The United States Should Collect Data on Foreign Energy Investment Again
In 2022, the United States has entered a new era of great power competition and energy policy challenges. As Congress works to reform policies to address emerging threats, improving transparency of foreign energy investment in the United States should be a major priority.
In the past, the United States recognized the risks of foreign energy investments and passed a law to require transparency. In the 1970s, at the height of the nation’s energy crisis and conflict with the Organization of Petroleum Exporting Countries (OPEC), lawmakers passed legislation to track foreign investment in American energy. The Department of Energy Organization Act of 1977, which created the Department of Energy (DOE), also established the Energy Information Administration (EIA) within DOE to collect information about energy in the United States and across the world.
One of EIA’s responsibilities listed in the act was to collect data on foreign investment in U.S. energy:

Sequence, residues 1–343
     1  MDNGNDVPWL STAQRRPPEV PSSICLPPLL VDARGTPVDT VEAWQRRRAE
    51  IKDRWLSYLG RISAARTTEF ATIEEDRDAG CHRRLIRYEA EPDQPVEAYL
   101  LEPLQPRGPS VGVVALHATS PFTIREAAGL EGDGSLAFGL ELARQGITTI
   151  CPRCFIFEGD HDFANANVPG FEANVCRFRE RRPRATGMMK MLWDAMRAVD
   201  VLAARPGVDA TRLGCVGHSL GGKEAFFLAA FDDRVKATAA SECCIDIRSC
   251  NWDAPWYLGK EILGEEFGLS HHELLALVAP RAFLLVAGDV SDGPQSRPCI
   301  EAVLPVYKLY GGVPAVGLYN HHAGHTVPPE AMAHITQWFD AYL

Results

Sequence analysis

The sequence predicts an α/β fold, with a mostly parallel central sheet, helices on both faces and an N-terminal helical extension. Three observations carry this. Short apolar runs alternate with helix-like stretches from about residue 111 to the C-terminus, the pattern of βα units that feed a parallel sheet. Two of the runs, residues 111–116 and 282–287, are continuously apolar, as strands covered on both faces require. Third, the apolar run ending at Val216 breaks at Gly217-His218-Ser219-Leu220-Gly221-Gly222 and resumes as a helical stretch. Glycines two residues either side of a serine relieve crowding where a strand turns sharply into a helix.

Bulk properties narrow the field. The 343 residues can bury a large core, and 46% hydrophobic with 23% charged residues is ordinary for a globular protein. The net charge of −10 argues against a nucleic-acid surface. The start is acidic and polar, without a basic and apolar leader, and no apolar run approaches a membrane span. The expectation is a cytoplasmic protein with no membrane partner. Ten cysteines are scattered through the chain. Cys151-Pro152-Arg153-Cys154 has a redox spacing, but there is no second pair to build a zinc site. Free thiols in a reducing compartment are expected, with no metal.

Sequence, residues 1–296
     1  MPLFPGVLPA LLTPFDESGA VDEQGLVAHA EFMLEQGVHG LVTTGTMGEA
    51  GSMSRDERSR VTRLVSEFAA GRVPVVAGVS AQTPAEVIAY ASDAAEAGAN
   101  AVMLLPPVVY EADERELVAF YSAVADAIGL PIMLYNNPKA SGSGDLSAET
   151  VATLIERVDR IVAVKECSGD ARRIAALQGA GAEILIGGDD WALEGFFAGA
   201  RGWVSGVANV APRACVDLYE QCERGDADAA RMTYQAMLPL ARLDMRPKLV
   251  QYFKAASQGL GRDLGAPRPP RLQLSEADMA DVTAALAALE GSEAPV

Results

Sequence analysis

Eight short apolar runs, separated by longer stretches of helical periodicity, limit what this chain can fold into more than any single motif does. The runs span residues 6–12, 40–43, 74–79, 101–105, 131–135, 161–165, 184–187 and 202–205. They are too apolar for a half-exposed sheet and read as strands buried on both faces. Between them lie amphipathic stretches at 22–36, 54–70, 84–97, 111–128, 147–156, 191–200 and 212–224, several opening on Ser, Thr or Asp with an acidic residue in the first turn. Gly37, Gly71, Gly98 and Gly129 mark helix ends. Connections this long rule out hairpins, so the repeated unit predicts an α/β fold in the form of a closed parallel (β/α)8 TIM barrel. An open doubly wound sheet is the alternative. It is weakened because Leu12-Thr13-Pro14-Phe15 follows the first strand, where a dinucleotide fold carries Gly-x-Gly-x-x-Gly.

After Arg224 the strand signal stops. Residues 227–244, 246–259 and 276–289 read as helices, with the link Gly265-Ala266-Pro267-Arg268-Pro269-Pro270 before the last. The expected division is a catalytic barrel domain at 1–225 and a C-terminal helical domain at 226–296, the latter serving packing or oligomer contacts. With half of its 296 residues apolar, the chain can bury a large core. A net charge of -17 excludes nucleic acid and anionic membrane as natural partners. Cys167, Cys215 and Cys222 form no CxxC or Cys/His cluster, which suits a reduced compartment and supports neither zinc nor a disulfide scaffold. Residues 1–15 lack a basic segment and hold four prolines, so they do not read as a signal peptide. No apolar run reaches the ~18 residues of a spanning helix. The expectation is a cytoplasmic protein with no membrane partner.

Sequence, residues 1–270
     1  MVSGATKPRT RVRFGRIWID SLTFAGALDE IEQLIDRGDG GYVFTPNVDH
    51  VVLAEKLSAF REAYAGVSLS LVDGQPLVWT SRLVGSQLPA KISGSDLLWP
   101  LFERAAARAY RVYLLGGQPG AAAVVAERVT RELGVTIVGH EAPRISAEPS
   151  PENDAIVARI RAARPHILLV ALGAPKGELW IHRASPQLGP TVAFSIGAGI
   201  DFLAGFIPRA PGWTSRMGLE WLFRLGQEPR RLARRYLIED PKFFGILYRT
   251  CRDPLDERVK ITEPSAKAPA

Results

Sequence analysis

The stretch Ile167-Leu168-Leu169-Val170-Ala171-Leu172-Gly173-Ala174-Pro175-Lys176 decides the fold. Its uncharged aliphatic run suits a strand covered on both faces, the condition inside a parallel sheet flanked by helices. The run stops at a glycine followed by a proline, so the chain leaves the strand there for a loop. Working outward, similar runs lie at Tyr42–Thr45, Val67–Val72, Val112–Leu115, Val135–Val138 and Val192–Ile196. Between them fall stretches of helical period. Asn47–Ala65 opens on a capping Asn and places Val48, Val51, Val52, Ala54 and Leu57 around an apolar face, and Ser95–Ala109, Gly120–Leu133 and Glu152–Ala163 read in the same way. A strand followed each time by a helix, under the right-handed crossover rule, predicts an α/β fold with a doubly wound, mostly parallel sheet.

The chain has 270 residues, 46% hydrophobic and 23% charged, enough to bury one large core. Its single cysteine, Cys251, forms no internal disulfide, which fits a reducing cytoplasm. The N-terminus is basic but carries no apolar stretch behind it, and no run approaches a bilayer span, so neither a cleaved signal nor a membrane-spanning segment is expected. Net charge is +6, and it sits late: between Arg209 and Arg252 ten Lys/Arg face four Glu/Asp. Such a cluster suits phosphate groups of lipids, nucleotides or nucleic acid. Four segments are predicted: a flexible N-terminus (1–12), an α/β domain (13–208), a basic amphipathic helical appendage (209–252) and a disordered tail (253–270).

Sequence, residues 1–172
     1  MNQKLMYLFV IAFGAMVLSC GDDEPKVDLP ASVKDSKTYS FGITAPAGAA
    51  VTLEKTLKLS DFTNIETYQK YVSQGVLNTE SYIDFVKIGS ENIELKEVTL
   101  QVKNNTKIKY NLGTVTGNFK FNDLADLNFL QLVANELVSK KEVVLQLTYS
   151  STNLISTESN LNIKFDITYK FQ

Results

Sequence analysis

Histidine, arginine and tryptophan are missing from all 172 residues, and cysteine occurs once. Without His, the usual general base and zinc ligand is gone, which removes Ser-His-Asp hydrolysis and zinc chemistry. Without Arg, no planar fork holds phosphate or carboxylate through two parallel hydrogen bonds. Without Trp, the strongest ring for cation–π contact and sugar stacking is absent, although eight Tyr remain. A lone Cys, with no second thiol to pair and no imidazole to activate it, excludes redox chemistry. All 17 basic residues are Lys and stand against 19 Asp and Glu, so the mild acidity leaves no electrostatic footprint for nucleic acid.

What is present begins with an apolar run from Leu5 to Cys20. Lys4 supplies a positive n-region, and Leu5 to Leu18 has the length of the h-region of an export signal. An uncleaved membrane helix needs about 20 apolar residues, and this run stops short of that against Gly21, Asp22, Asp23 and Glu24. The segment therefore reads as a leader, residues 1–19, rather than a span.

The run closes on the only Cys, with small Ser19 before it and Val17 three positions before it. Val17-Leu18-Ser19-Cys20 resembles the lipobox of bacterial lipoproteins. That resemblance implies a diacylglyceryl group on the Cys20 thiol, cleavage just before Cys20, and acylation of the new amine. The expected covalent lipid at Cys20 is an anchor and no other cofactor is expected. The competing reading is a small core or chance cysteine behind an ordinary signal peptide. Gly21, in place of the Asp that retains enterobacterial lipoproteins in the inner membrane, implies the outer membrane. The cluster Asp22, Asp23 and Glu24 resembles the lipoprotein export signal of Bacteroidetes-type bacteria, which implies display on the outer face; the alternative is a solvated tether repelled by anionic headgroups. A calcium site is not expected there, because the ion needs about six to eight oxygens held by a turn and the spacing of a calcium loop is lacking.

“In accordance with the Department of Energy Organization Act, 42 U.S.C. 7257(8), the Energy Information Administration (EIA) prepares an annual report for the Secretary of Energy and for transmittal to Congress that summarizes foreign investment, energy operations, and financial performance in U.S. energy enterprises. The information is available for use by the Congress, government agencies, and the public.”
The EIA used to release annual reports like “Profiles of Foreign Direct Investment in U.S. Energy” or “Acquisitions and Divestitures in U.S. Energy by Foreign Direct Investors 2007.” However, in 2011, the Department of Energy stopped collecting the form that was the foundation for these reports. According to EIA, a 15.2 million dollar budget cut in FY 2011 suspended the usage of the form (EIA-28), the data collection process, and any reports published using the data.